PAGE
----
From the museum website, 14 January 2009
Tate Britain’s reputation for shedding new light on historic art continues with Van Dyck and Britain, the major exhibition surveying Anthony van Dyck’s work in England. At this two-day symposium, the exhibition’s curator Karen Hearn is joined by world-renowned scholars and curators to present new thinking and research on van Dyck’s work. We’ll consider his impact on and legacy in British art and culture, the identity he created for the aristocracy and representations of courts in other cultures.
Alongside Karen Hearn, curator of Van Dyck and Britain, speakers will include Guillaume Faroult (Conservateur, Musée de Louvre, Paris), Emilie Gordenker (Director, Mauritshuis, Hague), Patrick Little (Senior Research Fellow, History of Parliament), Timon Screech (Professor of Japanese Art, School of Oriental and African Studies), Karen Siden (Director of Research, Archive and Library, Nationalmuseum, Stockholm) and Louisa Wood Ruby (Head of Photoarchive Research, Frick Collection, New York).
Owing to illness, Professor Kevin Sharpe will not now be speaking.
List of Papers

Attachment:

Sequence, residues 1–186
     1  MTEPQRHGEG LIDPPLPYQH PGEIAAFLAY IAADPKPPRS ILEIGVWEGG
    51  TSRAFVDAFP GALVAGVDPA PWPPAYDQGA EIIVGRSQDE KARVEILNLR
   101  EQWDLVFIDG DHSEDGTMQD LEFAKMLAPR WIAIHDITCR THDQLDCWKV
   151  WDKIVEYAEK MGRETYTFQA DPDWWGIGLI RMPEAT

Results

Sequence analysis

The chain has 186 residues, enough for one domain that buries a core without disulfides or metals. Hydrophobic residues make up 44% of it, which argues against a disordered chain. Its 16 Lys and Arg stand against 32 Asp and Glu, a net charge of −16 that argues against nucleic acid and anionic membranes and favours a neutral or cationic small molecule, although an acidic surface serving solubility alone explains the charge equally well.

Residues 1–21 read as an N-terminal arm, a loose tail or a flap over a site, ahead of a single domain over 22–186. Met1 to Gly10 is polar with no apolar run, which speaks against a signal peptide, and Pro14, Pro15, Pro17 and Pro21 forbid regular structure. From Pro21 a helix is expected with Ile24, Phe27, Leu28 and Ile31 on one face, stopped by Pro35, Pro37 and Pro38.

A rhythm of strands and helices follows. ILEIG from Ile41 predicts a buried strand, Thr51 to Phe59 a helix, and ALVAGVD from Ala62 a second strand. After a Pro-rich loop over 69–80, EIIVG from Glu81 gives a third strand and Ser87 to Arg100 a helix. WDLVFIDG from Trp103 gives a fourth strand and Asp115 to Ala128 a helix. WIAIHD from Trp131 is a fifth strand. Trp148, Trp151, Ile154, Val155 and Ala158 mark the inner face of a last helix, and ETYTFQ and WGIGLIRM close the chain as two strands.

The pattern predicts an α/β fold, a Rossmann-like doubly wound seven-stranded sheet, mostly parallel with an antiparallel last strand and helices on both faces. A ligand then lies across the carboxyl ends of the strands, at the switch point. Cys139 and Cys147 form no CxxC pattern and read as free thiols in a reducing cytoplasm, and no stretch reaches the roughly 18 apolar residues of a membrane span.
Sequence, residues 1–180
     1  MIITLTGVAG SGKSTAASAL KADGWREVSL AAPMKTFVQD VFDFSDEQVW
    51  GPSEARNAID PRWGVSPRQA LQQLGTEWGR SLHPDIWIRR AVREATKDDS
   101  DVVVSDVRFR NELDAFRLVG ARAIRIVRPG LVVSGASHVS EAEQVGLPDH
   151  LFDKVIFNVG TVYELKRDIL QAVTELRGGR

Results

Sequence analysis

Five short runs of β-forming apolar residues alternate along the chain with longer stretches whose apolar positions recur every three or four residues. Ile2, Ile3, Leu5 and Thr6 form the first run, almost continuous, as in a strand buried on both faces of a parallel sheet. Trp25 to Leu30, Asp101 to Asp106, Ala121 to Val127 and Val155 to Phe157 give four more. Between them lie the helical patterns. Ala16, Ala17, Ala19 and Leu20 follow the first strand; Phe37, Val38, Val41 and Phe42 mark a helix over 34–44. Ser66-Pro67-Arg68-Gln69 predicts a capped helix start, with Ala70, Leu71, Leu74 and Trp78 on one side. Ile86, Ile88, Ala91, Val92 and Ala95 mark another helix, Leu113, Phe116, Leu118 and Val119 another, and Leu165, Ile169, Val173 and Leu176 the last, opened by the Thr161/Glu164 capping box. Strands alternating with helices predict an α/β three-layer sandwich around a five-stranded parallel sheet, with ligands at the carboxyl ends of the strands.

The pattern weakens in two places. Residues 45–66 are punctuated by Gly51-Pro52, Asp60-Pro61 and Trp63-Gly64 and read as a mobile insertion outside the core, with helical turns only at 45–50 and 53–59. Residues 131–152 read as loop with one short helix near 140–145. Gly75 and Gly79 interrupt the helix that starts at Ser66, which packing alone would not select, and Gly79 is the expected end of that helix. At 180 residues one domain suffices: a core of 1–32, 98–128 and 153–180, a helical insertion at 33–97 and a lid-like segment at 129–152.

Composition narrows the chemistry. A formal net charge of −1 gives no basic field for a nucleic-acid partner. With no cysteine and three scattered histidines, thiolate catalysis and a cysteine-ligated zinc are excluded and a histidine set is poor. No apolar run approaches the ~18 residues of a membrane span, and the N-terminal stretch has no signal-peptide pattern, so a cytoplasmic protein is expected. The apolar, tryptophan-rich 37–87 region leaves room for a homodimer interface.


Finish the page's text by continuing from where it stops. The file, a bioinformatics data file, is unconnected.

– Lynn Hulse: ‘Music in the Households of Van Dyck’s Patrons’
– Rica Jones: ‘The Legacy of Van Dyck’s Style and Technique’
– Christopher Breward: ‘Lust and Luxury: Self-fashioning in Van Dyck’s London’
– Adam White: ‘Commemorating Mrs Killigrew’
– Patrick Little: ‘Van Dyck and Cromwell’
– Robert Upstone: ‘An Old Master for a New Age: Van Dyck around 1900’
– Ben van Beneden: ‘Van Dyck’s influence on Flemish portraiture’
– Emilie Gordenker: ‘Van Dyck or Rembrandt? Dutch court portraiture in the seventeenth century’
– Karin Siden: ‘The influence of Van Dyck on Swedish portraiture from the age of Queen Christina’
– Guillaume Faroult: ‘Van Dyck’s reception in France’s Ancien Régime’
– Louisa Wood Ruby: ‘Van Dyck and America’
– Valerie Fraser: ‘Viceroys and Indians: variations on Van Dyck in colonial Latin American portraiture’
– Timon Screech: ‘Non-revelation and Secrecy in Japanese Portraiture of the 17th Century’
Paul Mellon Centre for Studies in British Art
Booking (£30, £25 concessions) online at the Tate website. Price includes entry to the exhibition.